The current state of permafrost in Alaska and meaningful expectations for its future evolution are informed by long-term perspectives on previous permafrost degradation. Thermokarst processes in permafrost landscapes often lead to widespread lake formation and the spatial and temporal evolution of thermokarst lake landscapes reflects the combined effects of climate, ground conditions, vegetation, and fire. This study provides detailed analyses of thermokarst lake sediments of Holocene age from the southern loess uplands of the Yukon Flats, including bathymetry and sediment core analyses across a water depth transect. The sediment core results, dated by radiocarbon and 210Pb, indicate the permanent onset of finely laminated lacustrine sedimentation by ∼8,000 cal yr BP, which followed basin development through inferred thermokarst processes. Thermokarst expansion to modern shoreline configurations continued until ∼5000 cal yr BP and may have been influenced by increased fire. Between ∼5000 and 2000 cal yr BP, the preservation of fine laminations at intermediate and deep-water depths indicate higher lake levels than present. At that time, the lake likely overflowed into an over-deepened gully system that is no longer occupied by perennial streams. By ∼2000 cal yr BP, a shift to massive sedimentation at intermediate water depths indicates that lake levels lowered, which is interpreted to reflect a response to drier conditions based on correspondence with Yukon Flats regional fire and local paleoclimate reconstructions. Consideration of additional contributing mechanisms include the possible influence of catastrophic lake drainages on down-gradient base-flow levels that may have enhanced subsurface water loss, although this mechanism is untested. The overall consistency between the millennial lake-level trends documented here with regional paleoclimate trends indicates that after thermokarst lakes formed, their size and depth has been affected by North Pacific atmospheric circulation in addition to the evolution of permafrost, ground ice, and subsurface hydrology. As the first detailed study of a Holocene thermokarst basin that links expansion, stabilization and subsequent climate-driven lake level variations in a loess upland, these results provide a framework for future investigations of paleoclimatic signals from similar lake systems that characterize large regions of Alaska and Siberia.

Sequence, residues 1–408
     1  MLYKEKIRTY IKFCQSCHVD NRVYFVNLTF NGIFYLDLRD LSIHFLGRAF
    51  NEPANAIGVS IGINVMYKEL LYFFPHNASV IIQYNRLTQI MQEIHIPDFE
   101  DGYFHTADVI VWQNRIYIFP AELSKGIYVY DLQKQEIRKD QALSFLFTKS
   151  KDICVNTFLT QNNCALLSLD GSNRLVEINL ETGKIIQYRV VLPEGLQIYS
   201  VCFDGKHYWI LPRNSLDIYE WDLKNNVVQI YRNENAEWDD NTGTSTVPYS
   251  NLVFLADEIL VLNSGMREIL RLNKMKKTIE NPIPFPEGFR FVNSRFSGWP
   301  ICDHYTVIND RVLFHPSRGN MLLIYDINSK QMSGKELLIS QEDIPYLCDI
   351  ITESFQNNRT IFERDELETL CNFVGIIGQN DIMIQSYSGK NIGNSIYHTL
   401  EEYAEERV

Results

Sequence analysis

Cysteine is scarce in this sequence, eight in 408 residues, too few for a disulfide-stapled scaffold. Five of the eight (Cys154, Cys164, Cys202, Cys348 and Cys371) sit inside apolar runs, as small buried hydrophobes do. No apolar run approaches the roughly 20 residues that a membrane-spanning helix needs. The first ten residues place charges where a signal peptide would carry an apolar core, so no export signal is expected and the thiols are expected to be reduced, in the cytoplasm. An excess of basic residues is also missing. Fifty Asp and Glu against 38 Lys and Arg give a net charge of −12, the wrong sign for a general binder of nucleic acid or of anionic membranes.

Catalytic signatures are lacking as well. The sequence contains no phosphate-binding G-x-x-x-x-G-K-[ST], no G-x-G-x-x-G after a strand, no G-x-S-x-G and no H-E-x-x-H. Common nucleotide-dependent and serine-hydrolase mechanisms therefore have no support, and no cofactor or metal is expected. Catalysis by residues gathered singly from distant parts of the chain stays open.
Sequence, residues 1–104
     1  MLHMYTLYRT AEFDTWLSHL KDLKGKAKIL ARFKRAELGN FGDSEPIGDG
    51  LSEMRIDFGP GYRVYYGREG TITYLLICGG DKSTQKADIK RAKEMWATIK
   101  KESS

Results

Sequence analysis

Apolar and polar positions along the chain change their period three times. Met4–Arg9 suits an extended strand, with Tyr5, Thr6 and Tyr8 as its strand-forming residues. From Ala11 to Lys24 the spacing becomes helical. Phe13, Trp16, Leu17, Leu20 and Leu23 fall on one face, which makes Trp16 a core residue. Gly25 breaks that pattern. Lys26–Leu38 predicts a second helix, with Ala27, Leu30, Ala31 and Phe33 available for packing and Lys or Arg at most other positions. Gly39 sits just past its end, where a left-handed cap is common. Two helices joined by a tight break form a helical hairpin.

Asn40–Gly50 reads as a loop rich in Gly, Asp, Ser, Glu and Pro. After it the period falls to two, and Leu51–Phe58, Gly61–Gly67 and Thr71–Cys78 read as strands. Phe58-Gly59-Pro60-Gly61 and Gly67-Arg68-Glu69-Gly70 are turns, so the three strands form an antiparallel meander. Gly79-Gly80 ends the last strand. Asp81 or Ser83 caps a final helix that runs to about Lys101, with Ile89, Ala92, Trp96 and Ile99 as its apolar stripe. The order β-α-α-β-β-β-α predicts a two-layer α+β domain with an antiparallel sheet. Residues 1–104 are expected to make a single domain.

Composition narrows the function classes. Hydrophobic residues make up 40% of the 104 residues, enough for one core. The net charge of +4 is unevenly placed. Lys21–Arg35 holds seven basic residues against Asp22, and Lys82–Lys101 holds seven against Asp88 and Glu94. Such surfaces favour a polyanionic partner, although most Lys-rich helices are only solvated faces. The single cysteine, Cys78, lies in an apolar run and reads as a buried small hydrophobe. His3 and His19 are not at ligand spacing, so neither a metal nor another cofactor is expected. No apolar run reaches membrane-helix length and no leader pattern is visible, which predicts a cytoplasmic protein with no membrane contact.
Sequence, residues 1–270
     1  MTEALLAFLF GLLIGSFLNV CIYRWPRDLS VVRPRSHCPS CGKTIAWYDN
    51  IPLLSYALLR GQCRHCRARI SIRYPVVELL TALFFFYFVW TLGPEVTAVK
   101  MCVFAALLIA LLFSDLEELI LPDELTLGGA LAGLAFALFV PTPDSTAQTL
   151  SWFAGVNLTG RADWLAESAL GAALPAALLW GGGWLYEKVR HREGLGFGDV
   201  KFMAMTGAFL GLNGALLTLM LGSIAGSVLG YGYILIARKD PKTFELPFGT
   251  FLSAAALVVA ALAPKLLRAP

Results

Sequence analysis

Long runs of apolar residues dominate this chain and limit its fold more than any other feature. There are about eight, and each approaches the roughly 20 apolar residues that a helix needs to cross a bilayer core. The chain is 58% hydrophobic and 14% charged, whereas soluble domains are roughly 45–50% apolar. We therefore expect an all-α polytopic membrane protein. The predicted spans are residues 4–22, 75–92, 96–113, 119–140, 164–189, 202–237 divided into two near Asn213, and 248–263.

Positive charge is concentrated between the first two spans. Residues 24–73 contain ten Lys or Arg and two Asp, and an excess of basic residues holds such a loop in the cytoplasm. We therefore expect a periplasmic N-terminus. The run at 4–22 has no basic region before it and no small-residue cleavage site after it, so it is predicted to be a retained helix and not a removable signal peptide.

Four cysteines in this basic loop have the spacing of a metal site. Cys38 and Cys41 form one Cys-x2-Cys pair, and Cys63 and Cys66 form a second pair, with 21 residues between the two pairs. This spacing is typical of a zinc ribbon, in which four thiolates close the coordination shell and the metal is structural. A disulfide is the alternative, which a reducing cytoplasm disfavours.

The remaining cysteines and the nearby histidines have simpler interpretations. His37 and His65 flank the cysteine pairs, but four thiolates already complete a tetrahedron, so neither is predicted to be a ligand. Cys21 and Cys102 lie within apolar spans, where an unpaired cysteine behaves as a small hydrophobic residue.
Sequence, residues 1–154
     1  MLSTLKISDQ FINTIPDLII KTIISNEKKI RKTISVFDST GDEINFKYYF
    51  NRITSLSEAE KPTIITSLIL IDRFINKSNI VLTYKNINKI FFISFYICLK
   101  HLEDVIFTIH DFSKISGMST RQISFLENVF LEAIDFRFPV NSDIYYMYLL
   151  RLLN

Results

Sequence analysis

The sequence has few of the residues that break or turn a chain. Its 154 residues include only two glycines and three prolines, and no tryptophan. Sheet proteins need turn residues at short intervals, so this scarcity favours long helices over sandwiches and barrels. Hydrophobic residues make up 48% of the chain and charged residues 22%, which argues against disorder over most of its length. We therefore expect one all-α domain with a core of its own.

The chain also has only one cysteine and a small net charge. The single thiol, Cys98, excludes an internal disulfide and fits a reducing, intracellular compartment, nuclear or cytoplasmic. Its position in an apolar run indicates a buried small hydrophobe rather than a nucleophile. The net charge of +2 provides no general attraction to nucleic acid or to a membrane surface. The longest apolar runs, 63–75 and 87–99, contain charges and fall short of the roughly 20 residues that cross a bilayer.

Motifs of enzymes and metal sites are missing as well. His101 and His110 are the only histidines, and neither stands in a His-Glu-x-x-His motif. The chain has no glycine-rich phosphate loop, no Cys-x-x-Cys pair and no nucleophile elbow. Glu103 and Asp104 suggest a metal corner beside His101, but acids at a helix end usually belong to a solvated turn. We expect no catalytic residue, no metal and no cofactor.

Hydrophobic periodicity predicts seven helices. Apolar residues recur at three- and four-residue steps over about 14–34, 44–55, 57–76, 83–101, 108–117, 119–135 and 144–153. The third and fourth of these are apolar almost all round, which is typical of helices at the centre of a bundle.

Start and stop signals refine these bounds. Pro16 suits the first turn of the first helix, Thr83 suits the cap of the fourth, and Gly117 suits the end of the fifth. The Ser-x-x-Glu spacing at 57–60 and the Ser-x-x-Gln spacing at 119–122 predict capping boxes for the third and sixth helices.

Bibliographical noteFunding Information:
This research is supported by the U.S. Geological Survey Land Change Science Program.
- Lake levels
- Thermokarst lakes